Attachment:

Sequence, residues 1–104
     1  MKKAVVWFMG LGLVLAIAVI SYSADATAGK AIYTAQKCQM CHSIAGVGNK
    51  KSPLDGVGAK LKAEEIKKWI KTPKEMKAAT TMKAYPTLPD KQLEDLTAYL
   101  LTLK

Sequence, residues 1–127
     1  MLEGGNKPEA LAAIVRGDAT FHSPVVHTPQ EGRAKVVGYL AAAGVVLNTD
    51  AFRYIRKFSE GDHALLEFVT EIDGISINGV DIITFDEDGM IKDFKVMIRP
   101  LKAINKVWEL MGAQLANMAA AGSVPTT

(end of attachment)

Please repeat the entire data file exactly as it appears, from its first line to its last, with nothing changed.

Sequence, residues 1–104
     1  MKKAVVWFMG LGLVLAIAVI SYSADATAGK AIYTAQKCQM CHSIAGVGNK
    51  KSPLDGVGAK LKAEEIKKWI KTPKEMKAAT TMKAYPTLPD KQLEDLTAYL
   101  LTLK

Sequence, residues 1–127
     1  MLEGGNKPEA LAAIVRGDAT FHSPVVHTPQ EGRAKVVGYL AAAGVVLNTD
    51  AFRYIRKFSE GDHALLEFVT EIDGISINGV DIITFDEDGM IKDFKVMIRP
   101  LKAINKVWEL MGAQLANMAA AGSVPTT